In the news

Two recent headlines stirred the sinews and provided an unwelcome boost to blood pressure:

‘Education leaders demand inclusion of business professionals in senior leadership meetings’


Newly qualified teachers report higher levels of wellbeing and life satisfactionthan other graduates, but are more likely to say their hard work is unrewarded, research has found. The academic behind the research urged the Government to make teachers feel valued to stem a recruitment crisis in the profession

At first glance they could seem to be entirely unconnected, but I sense a commonality of DNA in that they are both speak to a weakness in management and leadership skills within the education sectors.

Now, this is not to allocate blame except to those who are responsible for educating and training teachers in the first place. There is absolutely no reason why an excellent, highly motivated and personable teacher should find his or her way (should it be ‘their’ way?) into a school’s senior management team and automatically know how to manage the complex individuals who make up their teaching staff. 

 There is no reason why a Head should be able to understand all the complexities of employment law, health and safety, contract law, marketing, people management and motivation, financial ratios, cash flow and all the other complexities that make up the modern independent school.  Many do, of course, but only because they have done the job for many years and have devoted much of their lives to finding it all out.  Sometimes the lessons have been hard learned and as anyone who has faced an even half -justified employment grievance will know, this can be expensive experience.

Governors can play an important role when they bring a wide and wise background from a range of industries but they are usually busy and not always as engaged as the Head might like. He might also feel that he should be able to cope without bothering them.

The first of the quotes should be a reminder that Heads should be groomed for the role and receive structured training to enable them to cope without having to involve expensive ‘business professionals’. The second seeks to involve government (and what do they know?) in the motivation and management of newcomers to the industry. These folk will usually be young, idealistic and highly motivated – that’s what you get when you work with young people. Please don’t waste all that by allowing them to be gradually disillusioned by senior management staff who have no idea about leading people because they have never had the chance to learn.  That’s a job for schools not government and as we have said before, money won’t fix the problem on its own.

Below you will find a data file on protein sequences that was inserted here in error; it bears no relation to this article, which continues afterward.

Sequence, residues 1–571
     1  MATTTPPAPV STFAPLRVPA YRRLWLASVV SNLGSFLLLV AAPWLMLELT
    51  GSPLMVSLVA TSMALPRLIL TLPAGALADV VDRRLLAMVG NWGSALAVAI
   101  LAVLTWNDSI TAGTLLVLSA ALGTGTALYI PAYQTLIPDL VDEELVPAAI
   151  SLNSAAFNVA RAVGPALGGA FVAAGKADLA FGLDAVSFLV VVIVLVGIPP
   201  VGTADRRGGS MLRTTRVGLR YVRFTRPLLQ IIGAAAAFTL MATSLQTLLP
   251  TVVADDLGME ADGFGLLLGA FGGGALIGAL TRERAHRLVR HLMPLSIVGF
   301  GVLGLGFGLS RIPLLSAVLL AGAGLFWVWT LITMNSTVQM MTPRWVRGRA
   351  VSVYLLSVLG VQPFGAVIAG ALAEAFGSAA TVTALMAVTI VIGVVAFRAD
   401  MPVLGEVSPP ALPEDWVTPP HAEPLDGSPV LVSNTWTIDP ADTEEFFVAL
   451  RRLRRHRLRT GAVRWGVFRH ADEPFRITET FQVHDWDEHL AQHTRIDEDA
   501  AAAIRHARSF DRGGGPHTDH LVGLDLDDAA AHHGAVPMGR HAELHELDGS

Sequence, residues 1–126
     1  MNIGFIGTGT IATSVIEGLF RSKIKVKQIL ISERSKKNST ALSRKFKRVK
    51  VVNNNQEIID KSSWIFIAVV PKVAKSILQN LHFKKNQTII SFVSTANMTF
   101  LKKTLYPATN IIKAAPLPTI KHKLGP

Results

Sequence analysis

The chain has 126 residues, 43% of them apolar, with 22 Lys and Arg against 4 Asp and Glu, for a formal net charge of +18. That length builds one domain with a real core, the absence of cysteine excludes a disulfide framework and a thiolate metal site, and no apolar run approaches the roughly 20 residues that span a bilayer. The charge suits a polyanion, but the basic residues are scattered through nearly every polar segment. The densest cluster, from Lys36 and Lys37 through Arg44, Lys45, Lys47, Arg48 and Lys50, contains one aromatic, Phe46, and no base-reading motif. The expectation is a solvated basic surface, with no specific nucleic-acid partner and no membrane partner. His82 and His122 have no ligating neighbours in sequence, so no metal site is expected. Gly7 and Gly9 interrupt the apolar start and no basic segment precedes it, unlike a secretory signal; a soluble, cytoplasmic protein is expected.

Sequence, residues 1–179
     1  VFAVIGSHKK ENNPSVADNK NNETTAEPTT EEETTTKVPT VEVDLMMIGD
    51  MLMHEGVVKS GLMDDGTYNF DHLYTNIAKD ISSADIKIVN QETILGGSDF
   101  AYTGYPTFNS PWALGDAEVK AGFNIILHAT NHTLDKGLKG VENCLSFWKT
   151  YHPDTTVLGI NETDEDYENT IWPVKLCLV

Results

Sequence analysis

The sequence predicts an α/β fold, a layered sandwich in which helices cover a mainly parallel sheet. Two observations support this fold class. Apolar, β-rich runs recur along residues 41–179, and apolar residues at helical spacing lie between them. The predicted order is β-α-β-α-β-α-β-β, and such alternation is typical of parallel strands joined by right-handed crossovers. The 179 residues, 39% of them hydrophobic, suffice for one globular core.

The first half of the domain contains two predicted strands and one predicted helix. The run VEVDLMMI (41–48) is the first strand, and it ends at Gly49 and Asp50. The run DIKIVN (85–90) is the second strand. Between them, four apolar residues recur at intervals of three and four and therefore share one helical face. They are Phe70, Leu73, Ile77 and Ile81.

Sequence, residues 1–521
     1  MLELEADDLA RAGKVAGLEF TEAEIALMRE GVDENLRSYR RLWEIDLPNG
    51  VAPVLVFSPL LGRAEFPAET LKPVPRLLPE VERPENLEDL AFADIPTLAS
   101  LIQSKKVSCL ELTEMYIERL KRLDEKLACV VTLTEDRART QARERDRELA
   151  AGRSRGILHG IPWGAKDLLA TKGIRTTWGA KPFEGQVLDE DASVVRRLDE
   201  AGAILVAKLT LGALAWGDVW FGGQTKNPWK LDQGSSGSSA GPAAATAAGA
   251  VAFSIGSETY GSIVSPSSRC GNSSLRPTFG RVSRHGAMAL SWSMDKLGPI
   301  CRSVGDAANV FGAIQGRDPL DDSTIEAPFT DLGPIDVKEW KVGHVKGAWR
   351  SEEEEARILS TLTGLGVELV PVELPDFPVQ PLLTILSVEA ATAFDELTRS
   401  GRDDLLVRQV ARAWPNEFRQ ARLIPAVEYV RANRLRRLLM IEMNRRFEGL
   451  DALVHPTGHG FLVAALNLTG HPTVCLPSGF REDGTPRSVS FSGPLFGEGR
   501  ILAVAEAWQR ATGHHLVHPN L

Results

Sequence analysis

We can help of course.

It’s not all about money

Reports of salary demands for teaching staff are in the air again. Just at a time when school finance committees, heads and bursars are already buried in spreadsheets and working through ‘what -if’ scenarios to balance higher pension contributions with parents’ ability to stump up for more fees.          

No one does a good job if they are pre-occupied with making their money last as long as the month, but it would be a mistake to rely on salary increases to maintain staff morale and retention.  Volumes have been written to demonstrate that motivation is not driven by money (given that the money : month ratio is reasonably balanced) and that other factors are more lastingly important for all of us.

A good start is to take a look at your internal communication. If staff are consulted and informed then they will feel that their contribution is valued and become more committed to the collective aims of the school. That will include a recognition that pricing oneself out the market is not good for long term job security. Fixing this on its own is no silver bullet but, as we have shown clients, it is remarkably straightforward and inexpensive to get it right or much better.

In our work with some really well- run and successful schools we have been told of timetables that were changed without consultation with the teacher – the person most affected – and of support staff who arrived at a meeting with no clue why they were there nor how long it would take.

In both circumstances the colleagues involved might be thinking that they are not paid enough to put up with this sort of thing.

There is always a reason, of course and usually that is that everyone is too busy to do things correctly – ‘we just needed to get on with it’. It could be that one reason for being so busy is that they were up to their necks in fixing problems caused by less than thoughtful communication. 

It’s a possibility.



I plead guilty to an interest in the automotive sector, but the news today regarding the phasing out of diesel, petrol and even hybrid engines means that there will be an acceleration in EV usage sooner rather than later and schools should plan to have a charging station(s) on site for visitors, if not staff.

Best in class customer care means that all businesses should be anticipating their customer’s needs – being able to offer ( and to publicise that offer) that prospective customers can charge their EV whilst choosing their child’s next school will put you at the front of the crowd. Parents will remember this and your thoughtfulness when other memories have merged with those from the other schools that they have visited.

Paul Evans